Because of the broad scope of the relief sought by Petitioners, [3] the Court DENIES Petitioners' motion to unseal and publicly docket documents in cases that have been unsealed. At the hearing, however, the Government stated that it was reviewing its own files to see what could be unsealed. Accordingly, the Court ORDERS Petitioners to meet and confer with the Government on the status of this review of existing cases for matters that can be unsealed. The parties shall file a joint status update within sixty (60) days of the date of this order.

         IT IS SO ORDERED.

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Notes:

[1] The parties have also since filed supplemental briefing requested by the Court, which focused primarily on the form of the petition and whether it was properly filed as a miscellaneous case or if it should be re-filed as a civil case. (Dkt. Nos. 25, 27, 28.)

[2] There is also a common law right to inspect and copy public records and documents, including judicial records and documents. United States v. Schlette, 842 F.2d 1574, 1582 (9th Cir. 1988). This "common law right of access accomplishes many of the purposes served by the first amendment." Id. This right, however, "is not absolute, nor is it given the same level of protection accorded constitutional rights." Id. (internal citation omitted). It appears that in such cases, the Courts apply a balancing test, weighing "the need for disclosure against the reasons for confidentiality." Id. at 1581. The Ninth Circuit found that with respect to a presentence report, a third party "must make some threshold showing that disclosure will serve the ends of justice, " although it is not clear if the Ninth Circuit was applying this to the common law right to inspect generally, or for presentence reports specifically, as it had noted that presentence reports are "prepared primarily for court use, although an ancillary function is to aid agency decisionmaking." Id.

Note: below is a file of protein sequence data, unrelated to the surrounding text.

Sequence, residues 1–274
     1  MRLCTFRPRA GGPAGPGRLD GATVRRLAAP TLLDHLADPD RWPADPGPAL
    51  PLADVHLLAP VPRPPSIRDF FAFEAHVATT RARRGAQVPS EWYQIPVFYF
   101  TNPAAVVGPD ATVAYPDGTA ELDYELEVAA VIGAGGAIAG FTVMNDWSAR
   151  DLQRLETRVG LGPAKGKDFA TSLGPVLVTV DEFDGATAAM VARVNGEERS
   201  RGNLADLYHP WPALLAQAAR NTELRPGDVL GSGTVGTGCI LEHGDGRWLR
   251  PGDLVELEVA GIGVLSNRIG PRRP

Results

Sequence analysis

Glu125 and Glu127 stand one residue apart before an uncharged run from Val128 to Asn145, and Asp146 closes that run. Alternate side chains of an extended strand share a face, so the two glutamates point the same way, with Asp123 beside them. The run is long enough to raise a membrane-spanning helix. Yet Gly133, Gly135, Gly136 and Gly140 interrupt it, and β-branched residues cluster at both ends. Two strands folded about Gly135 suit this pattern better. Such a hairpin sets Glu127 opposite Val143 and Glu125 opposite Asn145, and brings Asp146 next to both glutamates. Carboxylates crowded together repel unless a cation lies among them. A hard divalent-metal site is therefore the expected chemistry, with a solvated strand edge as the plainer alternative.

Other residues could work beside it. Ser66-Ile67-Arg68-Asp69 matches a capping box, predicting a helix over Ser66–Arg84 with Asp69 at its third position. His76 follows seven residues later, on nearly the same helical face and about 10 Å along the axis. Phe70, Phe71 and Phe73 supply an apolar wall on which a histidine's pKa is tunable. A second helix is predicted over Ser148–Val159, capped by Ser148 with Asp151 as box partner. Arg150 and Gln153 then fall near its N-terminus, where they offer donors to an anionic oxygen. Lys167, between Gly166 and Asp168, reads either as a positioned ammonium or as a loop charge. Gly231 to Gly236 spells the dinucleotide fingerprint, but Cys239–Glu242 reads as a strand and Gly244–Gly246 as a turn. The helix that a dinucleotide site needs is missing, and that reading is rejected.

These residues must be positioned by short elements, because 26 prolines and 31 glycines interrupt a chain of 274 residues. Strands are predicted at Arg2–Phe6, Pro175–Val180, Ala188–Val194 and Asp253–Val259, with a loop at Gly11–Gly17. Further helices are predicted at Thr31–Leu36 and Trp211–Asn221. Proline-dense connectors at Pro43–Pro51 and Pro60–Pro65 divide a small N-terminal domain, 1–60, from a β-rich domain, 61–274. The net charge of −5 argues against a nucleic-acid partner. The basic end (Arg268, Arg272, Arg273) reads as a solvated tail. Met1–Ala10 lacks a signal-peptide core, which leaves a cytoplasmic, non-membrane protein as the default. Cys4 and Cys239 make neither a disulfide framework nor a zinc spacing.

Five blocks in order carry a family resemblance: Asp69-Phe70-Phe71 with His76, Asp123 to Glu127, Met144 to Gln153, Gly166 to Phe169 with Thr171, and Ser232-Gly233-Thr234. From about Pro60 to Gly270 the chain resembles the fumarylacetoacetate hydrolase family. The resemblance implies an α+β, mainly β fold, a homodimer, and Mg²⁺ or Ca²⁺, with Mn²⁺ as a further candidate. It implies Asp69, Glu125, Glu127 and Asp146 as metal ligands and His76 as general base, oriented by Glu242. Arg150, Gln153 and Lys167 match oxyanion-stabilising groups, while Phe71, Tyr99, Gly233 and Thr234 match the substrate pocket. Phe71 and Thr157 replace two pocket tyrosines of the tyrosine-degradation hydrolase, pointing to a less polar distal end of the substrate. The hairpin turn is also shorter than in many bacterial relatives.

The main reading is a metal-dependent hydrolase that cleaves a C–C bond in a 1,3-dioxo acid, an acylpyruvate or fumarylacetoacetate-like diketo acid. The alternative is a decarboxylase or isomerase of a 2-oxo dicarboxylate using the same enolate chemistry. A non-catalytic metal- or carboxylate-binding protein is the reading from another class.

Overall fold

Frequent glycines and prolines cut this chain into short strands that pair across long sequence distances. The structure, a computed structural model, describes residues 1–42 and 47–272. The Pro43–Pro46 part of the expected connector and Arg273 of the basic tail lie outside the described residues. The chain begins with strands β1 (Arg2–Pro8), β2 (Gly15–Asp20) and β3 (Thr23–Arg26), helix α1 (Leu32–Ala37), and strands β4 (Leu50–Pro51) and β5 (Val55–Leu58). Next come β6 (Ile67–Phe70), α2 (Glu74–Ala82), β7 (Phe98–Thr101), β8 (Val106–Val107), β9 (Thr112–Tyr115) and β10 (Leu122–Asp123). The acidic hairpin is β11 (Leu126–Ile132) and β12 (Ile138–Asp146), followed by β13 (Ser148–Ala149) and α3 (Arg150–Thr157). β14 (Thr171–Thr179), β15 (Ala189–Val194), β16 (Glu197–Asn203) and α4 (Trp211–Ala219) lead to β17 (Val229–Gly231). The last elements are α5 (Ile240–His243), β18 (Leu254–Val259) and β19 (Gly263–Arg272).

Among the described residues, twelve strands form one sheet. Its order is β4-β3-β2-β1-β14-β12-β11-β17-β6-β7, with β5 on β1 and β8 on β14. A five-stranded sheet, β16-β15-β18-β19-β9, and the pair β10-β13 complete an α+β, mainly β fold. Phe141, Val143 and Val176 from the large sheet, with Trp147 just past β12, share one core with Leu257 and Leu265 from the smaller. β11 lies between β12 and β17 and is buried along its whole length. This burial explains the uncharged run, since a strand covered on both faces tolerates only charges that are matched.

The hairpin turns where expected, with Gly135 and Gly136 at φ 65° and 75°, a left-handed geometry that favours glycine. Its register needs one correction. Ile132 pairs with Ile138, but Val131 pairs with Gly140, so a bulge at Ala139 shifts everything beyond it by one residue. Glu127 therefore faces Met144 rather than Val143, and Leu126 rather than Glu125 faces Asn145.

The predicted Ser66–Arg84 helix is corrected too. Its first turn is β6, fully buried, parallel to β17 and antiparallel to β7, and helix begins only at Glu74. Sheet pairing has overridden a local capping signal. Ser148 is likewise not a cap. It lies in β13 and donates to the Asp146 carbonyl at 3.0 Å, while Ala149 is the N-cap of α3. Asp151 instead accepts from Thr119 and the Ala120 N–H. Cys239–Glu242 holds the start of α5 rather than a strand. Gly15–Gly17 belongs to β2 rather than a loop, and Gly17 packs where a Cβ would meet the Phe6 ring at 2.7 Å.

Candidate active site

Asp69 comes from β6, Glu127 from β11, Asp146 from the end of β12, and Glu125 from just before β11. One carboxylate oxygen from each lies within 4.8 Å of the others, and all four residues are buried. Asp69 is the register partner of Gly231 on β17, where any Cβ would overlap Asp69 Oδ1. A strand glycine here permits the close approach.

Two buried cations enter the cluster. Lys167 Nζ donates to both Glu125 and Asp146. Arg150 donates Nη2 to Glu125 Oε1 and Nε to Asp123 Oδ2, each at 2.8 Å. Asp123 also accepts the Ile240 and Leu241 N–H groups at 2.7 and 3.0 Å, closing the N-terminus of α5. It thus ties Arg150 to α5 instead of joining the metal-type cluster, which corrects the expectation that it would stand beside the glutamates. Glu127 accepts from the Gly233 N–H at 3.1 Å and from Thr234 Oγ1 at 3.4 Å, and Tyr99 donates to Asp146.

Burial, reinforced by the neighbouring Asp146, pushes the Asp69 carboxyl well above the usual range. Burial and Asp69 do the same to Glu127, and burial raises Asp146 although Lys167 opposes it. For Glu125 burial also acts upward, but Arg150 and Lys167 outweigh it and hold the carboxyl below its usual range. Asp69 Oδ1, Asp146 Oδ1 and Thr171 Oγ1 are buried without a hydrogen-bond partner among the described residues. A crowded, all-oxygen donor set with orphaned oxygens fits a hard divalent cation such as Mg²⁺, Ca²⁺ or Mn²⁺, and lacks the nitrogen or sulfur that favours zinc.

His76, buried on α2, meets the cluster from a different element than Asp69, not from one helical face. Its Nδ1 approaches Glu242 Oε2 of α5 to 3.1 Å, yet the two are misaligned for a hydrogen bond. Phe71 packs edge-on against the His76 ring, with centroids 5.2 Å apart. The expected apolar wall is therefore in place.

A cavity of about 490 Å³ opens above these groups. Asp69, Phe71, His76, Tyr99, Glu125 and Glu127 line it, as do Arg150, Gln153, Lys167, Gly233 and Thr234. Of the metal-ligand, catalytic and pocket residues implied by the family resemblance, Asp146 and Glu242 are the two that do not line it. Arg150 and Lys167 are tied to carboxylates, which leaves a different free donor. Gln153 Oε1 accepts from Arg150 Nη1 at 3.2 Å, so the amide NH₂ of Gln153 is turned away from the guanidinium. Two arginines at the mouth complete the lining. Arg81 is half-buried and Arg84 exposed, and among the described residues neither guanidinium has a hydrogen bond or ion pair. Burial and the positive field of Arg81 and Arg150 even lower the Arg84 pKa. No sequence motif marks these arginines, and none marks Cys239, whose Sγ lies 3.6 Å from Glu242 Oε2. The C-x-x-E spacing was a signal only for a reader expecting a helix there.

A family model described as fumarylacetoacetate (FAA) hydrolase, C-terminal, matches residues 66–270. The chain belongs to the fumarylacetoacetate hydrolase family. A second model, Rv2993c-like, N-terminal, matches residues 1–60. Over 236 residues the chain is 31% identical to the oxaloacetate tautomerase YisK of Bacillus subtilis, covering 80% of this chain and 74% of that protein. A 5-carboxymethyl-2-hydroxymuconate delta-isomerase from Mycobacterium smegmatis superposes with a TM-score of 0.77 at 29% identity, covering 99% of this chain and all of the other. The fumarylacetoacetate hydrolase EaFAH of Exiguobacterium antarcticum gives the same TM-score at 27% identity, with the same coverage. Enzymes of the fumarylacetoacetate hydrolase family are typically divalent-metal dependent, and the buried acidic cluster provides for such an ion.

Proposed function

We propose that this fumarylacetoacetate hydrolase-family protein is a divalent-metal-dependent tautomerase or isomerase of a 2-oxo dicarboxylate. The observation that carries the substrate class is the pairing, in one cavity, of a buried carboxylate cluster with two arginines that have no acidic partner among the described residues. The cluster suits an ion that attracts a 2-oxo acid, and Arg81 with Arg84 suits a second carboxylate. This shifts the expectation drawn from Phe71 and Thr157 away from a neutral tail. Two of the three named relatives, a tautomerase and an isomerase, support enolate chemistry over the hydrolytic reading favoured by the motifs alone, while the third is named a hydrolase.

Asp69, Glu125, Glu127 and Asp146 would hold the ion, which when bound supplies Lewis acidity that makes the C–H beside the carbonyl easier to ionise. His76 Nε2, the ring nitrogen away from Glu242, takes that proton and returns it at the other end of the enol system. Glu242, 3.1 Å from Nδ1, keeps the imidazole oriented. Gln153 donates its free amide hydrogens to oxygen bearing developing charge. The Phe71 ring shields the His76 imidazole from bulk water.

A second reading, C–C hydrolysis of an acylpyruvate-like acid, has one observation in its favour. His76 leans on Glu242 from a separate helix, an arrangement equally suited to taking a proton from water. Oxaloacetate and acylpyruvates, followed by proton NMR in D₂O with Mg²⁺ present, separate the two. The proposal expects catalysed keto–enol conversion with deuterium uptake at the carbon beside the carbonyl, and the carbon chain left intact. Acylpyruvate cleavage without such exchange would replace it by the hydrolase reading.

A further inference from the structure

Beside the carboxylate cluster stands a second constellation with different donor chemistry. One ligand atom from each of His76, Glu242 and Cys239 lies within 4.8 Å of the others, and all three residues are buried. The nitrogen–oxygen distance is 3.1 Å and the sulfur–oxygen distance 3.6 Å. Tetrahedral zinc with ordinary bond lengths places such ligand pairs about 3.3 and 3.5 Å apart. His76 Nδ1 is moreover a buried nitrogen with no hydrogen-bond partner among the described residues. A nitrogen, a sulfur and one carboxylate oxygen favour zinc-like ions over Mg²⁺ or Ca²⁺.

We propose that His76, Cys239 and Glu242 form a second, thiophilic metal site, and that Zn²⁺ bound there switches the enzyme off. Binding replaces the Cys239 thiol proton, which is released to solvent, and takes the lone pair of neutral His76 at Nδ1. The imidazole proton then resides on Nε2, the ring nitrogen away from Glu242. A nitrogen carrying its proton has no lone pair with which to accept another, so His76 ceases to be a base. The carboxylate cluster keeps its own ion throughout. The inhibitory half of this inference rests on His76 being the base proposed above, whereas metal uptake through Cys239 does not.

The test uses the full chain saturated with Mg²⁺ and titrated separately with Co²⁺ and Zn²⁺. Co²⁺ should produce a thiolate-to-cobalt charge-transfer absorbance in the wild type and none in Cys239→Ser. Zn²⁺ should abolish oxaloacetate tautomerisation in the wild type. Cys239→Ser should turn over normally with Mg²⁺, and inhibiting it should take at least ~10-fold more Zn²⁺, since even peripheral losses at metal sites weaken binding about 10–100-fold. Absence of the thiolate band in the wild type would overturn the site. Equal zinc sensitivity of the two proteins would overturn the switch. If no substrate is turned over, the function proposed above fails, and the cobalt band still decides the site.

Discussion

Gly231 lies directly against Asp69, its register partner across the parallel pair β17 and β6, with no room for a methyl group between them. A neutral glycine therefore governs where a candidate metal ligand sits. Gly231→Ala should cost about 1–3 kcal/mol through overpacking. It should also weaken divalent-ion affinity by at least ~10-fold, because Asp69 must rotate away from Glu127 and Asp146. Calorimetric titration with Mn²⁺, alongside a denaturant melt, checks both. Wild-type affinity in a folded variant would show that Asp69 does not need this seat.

[3] The Court observes that the vast majority of cases cited by Petitioners were of limited scope, where the petitioners or plaintiffs were seeking specific information rather than wholesale unsealing. The only case cited by Petitioners to involve similarly broad relief is In the Matter of the Application of Jason Leopold, Case No. 1:13-mc-712, a case that has been pending in the D.C. district court for four years and has primarily progressed through the joint efforts of the petitioners and the Government. As of the date of this order, it does not appear that any ...